As String, the version numbers in on itself do not have sorting order or meanings. Here, again, we must concede to the implementation details of Maven and Ivy, such as ComparableVersion that gives special meaning to “beta or b”.

As programmers of Scala, Java, and other statically typed languages we pride ourselves in being able to avoid many of the erroneous behaviors at compile time, and we even think about laws and global uniqueness (coherence) of typeclasses. We spend so much time and energy when we code, but when we deploy the services to the production the JAR files are arbitrarily selected by the dependency resolvers. As long as we accept Maven and Ivy, Liskov is a lie.

For example, when more than one versions are found in the dependency graph, Ivy uses latest-wins for Ivy artifacts, Maven uses nearest-wins, and Ivy emulates the nearest-wins for Maven artifacts. This means, that at the whim of the application developer, your library’s dependency can get upgraded or downgraded to some other version.

Spec-ulation Keynote

In December 2016, Rich Hickey gave an interesting keynote for Clojure/conj on this topic called Spec-ulaiton Keynote (Thanks Alexandru for the pointer).


Breaking changes are broken. It’s a terrible idea. Don’t do it. Don’t try to figure out the right way to do it.

In this talk Rich argues for “accrual” as the mode of software changes, and never making the breaking change within the same package name.

lies, damned lies, and version semantics

One of the points Rich made in his talk, and I agree is that dependency resolvers are not at fault. They are doing the best they can to solve what amounts to over-specified constraint satisfaction problems. As per usual, the culprit is us humans.

We started overloading our hopes and meanings into these digits of numbers. The proponent of Semantic Versioning uses the first segment to denote breaking changes:

Major version X (X.y.z | X > 0) MUST be incremented if any backwards incompatible changes are introduced to the public API. It MAY include minor and patch level changes. Patch and minor version MUST be reset to 0 when major version is incremented.

The Scala compiler and the standard library adopt a variation of the Semantic Versioning where the first segment encodes a mystical “epoch” number, or the semantics of the language itself. This tradition somehow spread to the rest of the ecosystem in Scala, so many of the Scala libraries use “epoch.major.minor” scheme, where the second segment denote the breaking change.

Note that none of the semantics, neither Semantic Versioning nor Scala’s island evolutionary second-segment variation, is formalized in terms of the rules in pom.xml or ivy.xml file. They are just social conventions, sometimes documented in the websites or release notes.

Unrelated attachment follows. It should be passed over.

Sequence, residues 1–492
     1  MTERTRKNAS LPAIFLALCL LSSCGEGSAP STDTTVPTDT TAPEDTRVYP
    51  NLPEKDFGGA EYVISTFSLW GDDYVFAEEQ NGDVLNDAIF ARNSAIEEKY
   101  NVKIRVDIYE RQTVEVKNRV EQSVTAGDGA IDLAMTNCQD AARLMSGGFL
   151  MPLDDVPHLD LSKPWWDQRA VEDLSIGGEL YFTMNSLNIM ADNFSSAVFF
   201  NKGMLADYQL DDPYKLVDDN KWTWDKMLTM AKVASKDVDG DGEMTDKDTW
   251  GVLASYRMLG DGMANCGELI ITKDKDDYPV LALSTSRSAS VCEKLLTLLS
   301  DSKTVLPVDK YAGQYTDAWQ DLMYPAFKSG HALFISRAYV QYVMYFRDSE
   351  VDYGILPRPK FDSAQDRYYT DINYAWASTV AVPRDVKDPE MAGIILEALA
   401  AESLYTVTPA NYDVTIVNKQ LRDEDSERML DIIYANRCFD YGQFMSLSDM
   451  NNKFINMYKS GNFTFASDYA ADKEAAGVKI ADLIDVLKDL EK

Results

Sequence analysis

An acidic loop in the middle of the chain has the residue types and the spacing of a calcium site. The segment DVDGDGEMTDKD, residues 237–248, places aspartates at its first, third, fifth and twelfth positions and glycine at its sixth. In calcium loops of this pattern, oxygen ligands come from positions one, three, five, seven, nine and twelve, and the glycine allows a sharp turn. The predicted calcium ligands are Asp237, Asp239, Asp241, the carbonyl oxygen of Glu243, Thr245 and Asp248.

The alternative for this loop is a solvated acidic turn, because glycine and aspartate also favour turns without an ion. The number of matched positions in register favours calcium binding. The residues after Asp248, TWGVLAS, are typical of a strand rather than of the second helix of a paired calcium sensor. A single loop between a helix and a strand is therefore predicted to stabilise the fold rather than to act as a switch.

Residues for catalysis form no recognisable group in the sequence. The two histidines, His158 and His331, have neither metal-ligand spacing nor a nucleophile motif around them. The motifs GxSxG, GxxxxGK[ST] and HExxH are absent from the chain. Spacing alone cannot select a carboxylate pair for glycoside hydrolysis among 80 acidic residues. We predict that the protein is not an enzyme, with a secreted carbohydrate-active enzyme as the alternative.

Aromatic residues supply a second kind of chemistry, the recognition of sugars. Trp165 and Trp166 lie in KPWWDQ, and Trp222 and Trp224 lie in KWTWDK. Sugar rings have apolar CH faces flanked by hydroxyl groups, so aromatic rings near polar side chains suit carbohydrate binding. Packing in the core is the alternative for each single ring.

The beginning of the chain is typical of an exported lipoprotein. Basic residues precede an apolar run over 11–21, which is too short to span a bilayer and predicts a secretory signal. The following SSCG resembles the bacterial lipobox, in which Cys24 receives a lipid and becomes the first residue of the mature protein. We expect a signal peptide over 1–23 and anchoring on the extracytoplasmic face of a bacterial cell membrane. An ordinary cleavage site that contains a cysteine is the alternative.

ways out

One way to solve all this is to remove the notion of JAR file swapping, and compile the entire library ecosystem from source, for all commits. That is sort of what monorepo gets you, plus good caching. This is what Google does, and it comes with interesting pros and cons on its own, like everyone in the company working on one source tree.

There’s also been ideas of storing the metadata in DVCS like Git. I am somewhat skeptical of any effort that requires continuous effort to compete with Maven or Maven Central.

Persistent Versioning is a viable way out of this mess, I think, because instead of fighting the exising Maven ecosystem, it embraces it.

persistent library

If we think about this, JAR files are nothing but bags of functions. The idea of renaming package name and the organization (group ID) on breaking changes is essentially treating the JAR files as immutable collections. We can think of the resulting library as being persistent, because the datatypes and functions available in these libraries will be available permanently.

In terms of the maintenance overhead, it should not be any different from maintaining a library under Semantic Versioning where you would have to avoid binary compatibility breakages during the minor releases.

who should adopt Persistent Versioning?

If we look at the early adopters of Persistent Versioning, it should be clear that these are libraries that are intended to be used widely, and often from some other libraries as transitive dependencies. Square OkHttp, for example, is shipped as part of Android. Unless it’s impossible to have multiple versions of the library side-by-side, you should consider adopting this scheme.

prior works: Linux package names

On Linux distributions, it’s common to append major versions number when it is desired to install libraries side-by-side. Here’s parallel guide from 2002 by Havoc Pennington (then Red Hat), who I had the pleasure to work with for some time in Typesafe. It’s entirely possible that he has incepted some of these ideas back then:

The solution to the problem is essentially to rename Foo, and in most cases the nicest way to do so is to include the version number in the name of every file. This means both versions of Foo can be installed at the same time.